It’s a new year and everyone is setting the pace on their goals. Which, almost always, includes learning something new. Maybe it’s because I’m old enough to remember life before the internet and computers were in homes (it happened, once, in a galaxy far away), read every book in the house before hitting double digits (including the Hayne’s manual for our Chrysler le Baron), and mastered the art of never completing homework at home, hacking learning has been a fundamental way of life for me.
Are you looking to tackle Alteryx this year? Great! Bolster your dashboards with clearer design or happier end users? I wholeheartedly support you my friend! Master mathematics once and for all? You go!
But there comes this point – we have the goal, we have a vision, but how in the world do we get there?! How do we connect the dots?
Here’s a few things I’ve done that have worked like a charm throughout my internet-less years and even in the age of Google. Just don’t expect me to remember what I can look up.
Take a deep breath.
In the age of the internet and social media, it’s all too easy to feel like you’re behind. This is like school where they posted the grades on the wall (do you remember this? Yeah, I do), but 100 times worse. Social media is a lot like those glossy-covered magazines at the store. The celebs look great and happy on the covers, but the headline talks about overcoming their one great despair. They’re usually in houses and environments that I’ve never once entered in my lifetime and seem so far away and inaccessible that it’s unreachable.
Full stop here – it’s easy to look and think what will never be. Malcolm Gladwell pushes 10,000 hours for expertise. And, what we see is often only the iceberg.
- We don’t see the work (usually).
- We don’t recognize the gifts or we label it all as gifts.
- We overlook the hands-up and ladders people get (including ourselves).
- We miss the struggle – it happens quietly on the inside and we hold it to ourselves.
Are you learning something new? Start where you are, recognize what you have already, note where you want to go, and let the distractions go. It’s hard, the struggle to look and feel passed by is perpetual, and we all get somewhere eventually.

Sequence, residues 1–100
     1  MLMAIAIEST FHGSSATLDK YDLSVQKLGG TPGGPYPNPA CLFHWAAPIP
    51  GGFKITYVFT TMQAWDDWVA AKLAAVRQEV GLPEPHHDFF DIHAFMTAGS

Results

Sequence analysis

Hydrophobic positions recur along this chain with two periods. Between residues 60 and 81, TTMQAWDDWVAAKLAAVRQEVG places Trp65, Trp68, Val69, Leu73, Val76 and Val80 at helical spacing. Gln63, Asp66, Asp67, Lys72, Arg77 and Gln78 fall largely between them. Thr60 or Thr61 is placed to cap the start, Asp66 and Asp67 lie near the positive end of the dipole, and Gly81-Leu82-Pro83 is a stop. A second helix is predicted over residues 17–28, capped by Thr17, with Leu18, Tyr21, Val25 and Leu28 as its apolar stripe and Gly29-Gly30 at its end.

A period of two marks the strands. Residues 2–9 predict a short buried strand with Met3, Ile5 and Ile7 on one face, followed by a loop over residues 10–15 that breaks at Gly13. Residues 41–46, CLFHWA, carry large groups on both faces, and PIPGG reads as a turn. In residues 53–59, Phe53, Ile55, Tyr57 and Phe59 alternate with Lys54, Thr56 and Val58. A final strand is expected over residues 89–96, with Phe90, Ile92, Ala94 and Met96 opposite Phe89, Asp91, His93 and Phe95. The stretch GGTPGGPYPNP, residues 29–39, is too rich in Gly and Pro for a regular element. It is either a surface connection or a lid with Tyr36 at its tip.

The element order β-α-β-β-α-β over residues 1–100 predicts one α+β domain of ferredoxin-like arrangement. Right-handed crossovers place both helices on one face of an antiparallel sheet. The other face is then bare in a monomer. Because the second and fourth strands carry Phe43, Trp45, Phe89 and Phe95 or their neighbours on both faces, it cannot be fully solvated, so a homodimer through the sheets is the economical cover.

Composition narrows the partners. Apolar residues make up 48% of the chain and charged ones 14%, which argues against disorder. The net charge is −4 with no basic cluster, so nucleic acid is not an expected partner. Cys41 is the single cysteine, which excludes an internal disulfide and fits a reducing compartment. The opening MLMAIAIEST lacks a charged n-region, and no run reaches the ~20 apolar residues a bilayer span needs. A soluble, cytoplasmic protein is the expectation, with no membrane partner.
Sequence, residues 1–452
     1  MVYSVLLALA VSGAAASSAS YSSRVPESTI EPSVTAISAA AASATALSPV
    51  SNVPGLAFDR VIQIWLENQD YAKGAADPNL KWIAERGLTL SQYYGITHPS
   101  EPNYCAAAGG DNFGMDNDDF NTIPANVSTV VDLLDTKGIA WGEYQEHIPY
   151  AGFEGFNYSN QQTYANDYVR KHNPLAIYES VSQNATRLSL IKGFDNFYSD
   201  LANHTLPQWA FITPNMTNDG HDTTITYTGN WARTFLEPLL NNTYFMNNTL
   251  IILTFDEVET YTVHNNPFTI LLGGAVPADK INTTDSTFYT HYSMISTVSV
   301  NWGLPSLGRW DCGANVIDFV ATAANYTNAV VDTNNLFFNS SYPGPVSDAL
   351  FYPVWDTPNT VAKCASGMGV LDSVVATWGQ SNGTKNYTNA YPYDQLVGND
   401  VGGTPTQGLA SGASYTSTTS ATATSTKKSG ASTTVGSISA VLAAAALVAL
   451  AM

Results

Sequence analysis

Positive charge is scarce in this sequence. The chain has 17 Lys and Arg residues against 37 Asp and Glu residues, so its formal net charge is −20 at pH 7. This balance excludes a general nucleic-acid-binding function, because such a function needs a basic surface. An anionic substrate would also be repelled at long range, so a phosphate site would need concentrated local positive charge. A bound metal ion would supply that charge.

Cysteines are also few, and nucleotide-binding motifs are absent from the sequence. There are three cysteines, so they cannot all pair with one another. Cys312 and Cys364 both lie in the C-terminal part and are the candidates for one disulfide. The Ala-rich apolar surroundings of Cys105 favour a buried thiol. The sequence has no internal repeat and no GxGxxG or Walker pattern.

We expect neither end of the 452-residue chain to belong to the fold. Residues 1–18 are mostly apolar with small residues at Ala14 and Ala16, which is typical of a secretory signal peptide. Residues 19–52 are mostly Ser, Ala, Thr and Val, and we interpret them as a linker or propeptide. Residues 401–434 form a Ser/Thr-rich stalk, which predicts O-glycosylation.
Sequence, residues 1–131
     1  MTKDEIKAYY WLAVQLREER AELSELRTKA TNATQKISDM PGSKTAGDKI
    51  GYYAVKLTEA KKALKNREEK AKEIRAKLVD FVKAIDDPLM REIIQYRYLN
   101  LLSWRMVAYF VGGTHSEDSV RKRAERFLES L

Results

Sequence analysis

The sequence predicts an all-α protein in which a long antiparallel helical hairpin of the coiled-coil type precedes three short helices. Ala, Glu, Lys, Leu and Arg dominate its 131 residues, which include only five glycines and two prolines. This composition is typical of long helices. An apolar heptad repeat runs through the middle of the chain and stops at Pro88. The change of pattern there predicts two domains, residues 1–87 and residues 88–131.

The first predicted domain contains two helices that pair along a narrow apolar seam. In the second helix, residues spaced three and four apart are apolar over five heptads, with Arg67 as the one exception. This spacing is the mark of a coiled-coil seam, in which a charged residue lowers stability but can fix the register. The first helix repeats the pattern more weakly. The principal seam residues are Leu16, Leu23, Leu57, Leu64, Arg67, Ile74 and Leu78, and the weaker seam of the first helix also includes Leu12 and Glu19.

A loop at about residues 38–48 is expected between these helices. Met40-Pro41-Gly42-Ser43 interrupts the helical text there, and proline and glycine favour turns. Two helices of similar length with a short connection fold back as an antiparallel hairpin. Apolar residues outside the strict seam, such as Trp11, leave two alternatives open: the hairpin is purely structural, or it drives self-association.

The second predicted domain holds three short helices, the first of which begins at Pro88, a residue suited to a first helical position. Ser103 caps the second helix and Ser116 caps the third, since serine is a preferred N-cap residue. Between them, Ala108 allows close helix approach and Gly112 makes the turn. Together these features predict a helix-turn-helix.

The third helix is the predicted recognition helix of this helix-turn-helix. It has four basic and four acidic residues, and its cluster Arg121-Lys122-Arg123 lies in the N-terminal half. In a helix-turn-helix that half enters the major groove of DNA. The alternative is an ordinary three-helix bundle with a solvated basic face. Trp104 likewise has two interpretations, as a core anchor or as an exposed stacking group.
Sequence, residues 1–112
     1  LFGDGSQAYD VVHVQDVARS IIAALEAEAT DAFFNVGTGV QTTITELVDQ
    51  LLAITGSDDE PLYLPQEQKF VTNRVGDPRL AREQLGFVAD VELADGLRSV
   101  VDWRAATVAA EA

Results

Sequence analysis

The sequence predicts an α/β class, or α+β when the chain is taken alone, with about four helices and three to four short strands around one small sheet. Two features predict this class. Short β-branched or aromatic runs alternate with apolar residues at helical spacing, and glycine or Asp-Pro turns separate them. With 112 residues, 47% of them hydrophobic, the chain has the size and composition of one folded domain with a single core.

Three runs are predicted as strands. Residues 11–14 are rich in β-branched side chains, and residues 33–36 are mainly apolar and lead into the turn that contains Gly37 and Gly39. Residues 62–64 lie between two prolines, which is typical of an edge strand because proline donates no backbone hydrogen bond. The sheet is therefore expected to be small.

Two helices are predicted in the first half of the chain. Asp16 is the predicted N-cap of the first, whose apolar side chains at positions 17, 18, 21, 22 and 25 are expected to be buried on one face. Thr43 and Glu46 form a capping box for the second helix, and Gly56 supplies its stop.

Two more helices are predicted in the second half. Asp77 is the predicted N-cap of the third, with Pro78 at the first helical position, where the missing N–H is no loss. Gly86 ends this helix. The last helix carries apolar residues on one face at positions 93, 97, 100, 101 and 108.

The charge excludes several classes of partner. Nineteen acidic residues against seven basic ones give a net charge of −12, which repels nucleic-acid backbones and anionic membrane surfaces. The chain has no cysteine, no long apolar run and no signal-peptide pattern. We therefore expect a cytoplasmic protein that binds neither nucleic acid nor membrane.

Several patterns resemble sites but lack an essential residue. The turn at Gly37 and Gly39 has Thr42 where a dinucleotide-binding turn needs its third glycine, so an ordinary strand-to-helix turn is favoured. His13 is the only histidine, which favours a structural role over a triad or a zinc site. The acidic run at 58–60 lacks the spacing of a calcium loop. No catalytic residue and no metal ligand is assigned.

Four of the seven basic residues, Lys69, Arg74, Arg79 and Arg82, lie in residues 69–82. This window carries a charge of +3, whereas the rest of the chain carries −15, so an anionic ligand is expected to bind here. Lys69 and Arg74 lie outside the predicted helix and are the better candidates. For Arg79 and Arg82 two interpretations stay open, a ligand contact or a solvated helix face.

Use what you have.
Learning is easier when you scaffold it off what you know. Analogous learning means you tie it back to something you already have mastered, letting you cement concepts to an already sturdy layer. Learning genomics when you have no biological background? Can you relate those patterns back to commonalities and differences in languages? I do. Are you a political science major looking to get into Tableau? You already know how to analyze, now consider how to present that information. What political posters worked? Why? Use that idea in your dashboards.
Continue whittling at concepts in this way. Once you have one analogy, find another. Keep narrowing until you can explain the concept in 5 different ways. Doing this is like sharpening a pencil with a knife. You start at one side, use that side and expand it, until finally you have a point. This is one reason why the more languages you speak, the easier learning another one becomes.
If you use what you have, you only need to add a little bit more or edit, rather than start from scratch.
Read the menu.
People laugh or roll their eyes when I suggest this. Did you know Tableau has a way to reset those pesky labels you’ve hidden? Or do you just remake the chart (Yeah, I know you did). Guess what – you can get those things back by hitting the Analysis menu and returning them there (this may or may not have been discovered on a phone call). Or that you can reset those wild colors with a click in case you made other changes (Worksheet/Clear/Formatting)? Or toggle items from the menu (Analysis/Cycle Fields). There’s an option in the menu for that. Or that certain Alteryx tools are macros? Or that, my favorite, you can change the display labels in an Alteryx workflow?
It pays to spend time looking at menus, windows, and options. Doing this stuff just feels ridiculous, but it’s taking the time to look at what is truly available. You don’t need to buy a book for that (this from a bookworm with a whole room of books).
Use other tools to explore this tool.
So many of these new platforms save their work in some type of XML standard. Now, I hate XML as much as the next person. I took a database class and XML nearly sent me over the edge. That, XPATH queries, and JSON. I’ll take a good boring relational data set any day.
But, here’s the trick with XML – the thing is nested. It works like a mind map. If you can ‘see’ it that way, then it helps.
Before you tell me this is the most unhelpful thing you’ve ever read, here is my best-kept lifeline ever: XMLgrid.net.
It’s a beauty.
Do you really think everyone is an expert when they start blogging? Some of my favorite bloggers started their blogs to (get ready) document as they learned. They write what they’re learning as they’re learning, which means that person is right at my speed. Sounds pretty alright to me.
The best part is I can piggy-back on that person’s speed. How many people lately have become quite proficient in Tableau in less than a year? That to me is simply astounding. Now, don’t get me wrong – these cats owe a tremendous debt to those who figured it out before, to the various blogs, the tweets, or the forum posts they used to figure out a problem. All that learning collects and accumulates. It passes on and shortens another’s journey.
Are you learning something new? Teach it to someone else as you do. Reinforce yourself and keep yourself moving.
What hacks do you use?